First in the nation: gene editing curriculum for community college students

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“You have seen the future, and it is gene editing,” said Janice E. Nevin, M.D., MPH, Christiana Care president and chief executive officer, as she congratulated biomedical students and faculty at Delaware Technical Community College for pioneering what may be the first-ever community college curriculum to include the revolutionary CRISPR gene editing technology.

Thanks to a $1 million National Science Foundation grant, Christiana Care’s Gene Editing Institute and Delaware Technical Community College developed a unique curriculum to include gene editing into two courses in its biological sciences program at its Stanton, Delaware campus. As part of the grant, Delaware Tech will also hold a series of workshops over the next several years to teach gene editing techniques to community college faculty across the U.S. and help them develop their own curriculum.

Gene editing is a way of making specific changes to the DNA of a cell or organism. An enzyme cuts the DNA at a specific sequence, and when this is repaired by the cell a change or “edit” is made to the sequence.

“This innovative curriculum combines the unique talents of Christiana Care’s world-renowned gene editing team with the teaching expertise of our instructors at Delaware Tech,” said Delaware Tech President Mark T. Brainard, J.D. “This program will provide a boost to biomedical research and enhance the workforce in Delaware and elsewhere.”

Christiana Care Health System President and CEO Janice E. Nevin, M.D., MPH, shares the excitement of pioneering a gene editing technician training program with students at Delaware Technical Community College.

“This partnership is leading the nation in making the promise of gene editing a reality and cultivating a workforce with the special skills that will be vital in this new frontier of bioscience,” said Dr. Nevin.

“California may have its Silicon Valley, but here in Delaware we have our own Innovation Corridor – home to some of the giants of engineering, manufacturing, industry, education and health care.”

“The curriculum can be expanded to accommodate any level of instruction, and that’s the beauty of it,” said Eric Kmiec, Ph.D., director of the Gene Editing Institute at Christiana Care. “Students are now using the second iteration of a gene editing laboratory exercise that we developed – the same reaction that we still use on in our own research laboratory.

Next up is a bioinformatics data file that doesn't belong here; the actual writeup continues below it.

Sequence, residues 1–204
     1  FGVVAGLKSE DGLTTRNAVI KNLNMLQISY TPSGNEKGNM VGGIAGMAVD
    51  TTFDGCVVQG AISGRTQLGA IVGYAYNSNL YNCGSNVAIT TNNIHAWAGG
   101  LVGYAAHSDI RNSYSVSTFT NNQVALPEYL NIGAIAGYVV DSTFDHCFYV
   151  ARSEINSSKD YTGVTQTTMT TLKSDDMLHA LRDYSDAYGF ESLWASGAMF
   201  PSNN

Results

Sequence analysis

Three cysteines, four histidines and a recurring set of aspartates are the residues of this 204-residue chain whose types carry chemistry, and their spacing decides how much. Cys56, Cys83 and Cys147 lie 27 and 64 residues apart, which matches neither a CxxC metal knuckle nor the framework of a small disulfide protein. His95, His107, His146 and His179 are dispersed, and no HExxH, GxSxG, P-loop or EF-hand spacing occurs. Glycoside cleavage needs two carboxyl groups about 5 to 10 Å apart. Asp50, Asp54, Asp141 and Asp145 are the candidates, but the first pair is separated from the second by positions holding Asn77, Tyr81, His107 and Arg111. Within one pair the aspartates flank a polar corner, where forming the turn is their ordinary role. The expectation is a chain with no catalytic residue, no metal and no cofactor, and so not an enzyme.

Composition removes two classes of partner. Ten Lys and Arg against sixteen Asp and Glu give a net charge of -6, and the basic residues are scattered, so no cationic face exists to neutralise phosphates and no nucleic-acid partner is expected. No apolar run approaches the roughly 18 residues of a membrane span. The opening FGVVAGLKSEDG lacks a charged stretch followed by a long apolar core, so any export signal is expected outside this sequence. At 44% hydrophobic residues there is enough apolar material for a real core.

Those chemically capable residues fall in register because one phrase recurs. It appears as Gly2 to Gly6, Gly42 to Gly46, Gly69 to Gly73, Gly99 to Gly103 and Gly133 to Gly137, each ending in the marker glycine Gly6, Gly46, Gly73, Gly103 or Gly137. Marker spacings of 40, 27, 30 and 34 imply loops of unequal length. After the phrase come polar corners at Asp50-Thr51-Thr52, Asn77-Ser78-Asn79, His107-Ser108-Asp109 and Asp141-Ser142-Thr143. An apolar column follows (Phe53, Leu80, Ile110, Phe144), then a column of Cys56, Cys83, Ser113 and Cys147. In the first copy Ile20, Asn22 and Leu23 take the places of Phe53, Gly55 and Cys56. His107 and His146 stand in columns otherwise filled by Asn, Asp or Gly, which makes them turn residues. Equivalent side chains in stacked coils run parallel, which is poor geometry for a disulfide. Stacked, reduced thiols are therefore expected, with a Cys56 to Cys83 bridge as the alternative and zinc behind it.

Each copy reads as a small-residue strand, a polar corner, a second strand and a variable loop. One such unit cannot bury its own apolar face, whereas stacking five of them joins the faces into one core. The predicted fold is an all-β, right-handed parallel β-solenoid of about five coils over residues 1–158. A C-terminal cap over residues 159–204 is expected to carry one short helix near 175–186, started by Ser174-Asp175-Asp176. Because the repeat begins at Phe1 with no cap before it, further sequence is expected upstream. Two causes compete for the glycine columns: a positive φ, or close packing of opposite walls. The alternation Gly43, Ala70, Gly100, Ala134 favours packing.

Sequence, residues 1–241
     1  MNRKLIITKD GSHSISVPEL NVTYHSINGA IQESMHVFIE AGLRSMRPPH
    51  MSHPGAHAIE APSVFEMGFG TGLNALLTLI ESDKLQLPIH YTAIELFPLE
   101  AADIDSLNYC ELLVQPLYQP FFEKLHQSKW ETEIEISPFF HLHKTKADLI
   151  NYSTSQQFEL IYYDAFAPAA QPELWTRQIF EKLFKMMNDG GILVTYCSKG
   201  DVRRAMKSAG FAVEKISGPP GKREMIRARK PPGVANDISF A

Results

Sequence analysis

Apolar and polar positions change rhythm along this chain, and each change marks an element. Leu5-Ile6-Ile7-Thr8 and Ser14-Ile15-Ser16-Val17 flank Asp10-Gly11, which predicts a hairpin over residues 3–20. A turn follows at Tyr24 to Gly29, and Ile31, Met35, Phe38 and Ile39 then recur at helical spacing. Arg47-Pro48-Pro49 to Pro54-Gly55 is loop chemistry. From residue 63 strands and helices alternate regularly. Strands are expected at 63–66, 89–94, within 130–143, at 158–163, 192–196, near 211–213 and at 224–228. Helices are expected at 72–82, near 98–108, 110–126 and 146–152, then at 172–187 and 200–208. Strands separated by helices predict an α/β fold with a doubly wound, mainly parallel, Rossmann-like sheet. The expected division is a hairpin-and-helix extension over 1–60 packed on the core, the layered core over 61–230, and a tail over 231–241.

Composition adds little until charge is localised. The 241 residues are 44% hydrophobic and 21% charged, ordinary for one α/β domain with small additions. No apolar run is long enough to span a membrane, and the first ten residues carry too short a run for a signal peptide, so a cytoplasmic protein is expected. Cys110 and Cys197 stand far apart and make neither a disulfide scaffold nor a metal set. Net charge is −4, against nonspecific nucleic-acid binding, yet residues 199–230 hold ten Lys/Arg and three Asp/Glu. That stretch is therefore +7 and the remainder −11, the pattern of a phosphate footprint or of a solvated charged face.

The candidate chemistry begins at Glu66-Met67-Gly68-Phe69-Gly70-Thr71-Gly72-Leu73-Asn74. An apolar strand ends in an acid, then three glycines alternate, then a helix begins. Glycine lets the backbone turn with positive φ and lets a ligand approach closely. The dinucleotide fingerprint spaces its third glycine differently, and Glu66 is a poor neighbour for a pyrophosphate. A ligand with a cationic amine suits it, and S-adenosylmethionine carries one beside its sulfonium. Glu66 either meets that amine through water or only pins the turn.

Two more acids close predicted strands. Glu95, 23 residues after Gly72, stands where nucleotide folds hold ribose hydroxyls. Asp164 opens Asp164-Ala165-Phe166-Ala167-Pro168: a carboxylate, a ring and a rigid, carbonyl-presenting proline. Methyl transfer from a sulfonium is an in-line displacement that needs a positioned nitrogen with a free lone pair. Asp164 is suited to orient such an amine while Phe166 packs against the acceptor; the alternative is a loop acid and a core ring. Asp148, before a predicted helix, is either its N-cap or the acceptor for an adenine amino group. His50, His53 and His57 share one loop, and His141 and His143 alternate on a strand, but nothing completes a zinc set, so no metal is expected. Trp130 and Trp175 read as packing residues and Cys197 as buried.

Eric Kmiec, Ph.D., director of the Gene Editing Institute at Christiana Care.

“It’s the basis for the new ‘gene editing on a chip technology,’ a cancer diagnostic tool that’s already been commercialized. It is very exciting that students carrying out this unique reaction in an educational format can see a direct application into the real world of cancer research.”

“Having the CRISPR Cas 9 gene editing tool brought into our courses has been a tremendous advantage for our students,” said John McDowell, Ph.D., a faculty member who teaches biology and biotechnology at Delaware Technical Community College. “Right here in Delaware they are able to gain access to the latest information and skills that are very rarely taught in an undergraduate level, especially at community colleges, that will position them for future education and the biomedical workforce.”

John McDowell, Ph.D., teaches biology and biotechnology at Delaware Technical Community College.

Kristen Pisarcik, science educator at the Gene Editing Institute, serves as liaison for the program at Delaware Tech. “What is really cool about the program is that as soon as new techniques are discovered and advanced at the Gene Editing Institute, I can immediately transfer those discoveries into the community college curriculum,” she said.

“I am thrilled and grateful to be part of a pioneering program,” said Sheldon Wilson, a student enrolled in the spring genetics class. “The gene editing techniques I have learned in this course will transfer very well to a four-year university.”

“I love science and I love medicine, and I want to pursue an advanced degree,” said Deborah Negron, also a student in the class. “Gene editing is going to have an enormous impact on all fields of science and medicine, and it is important for me to learn this technology now.”

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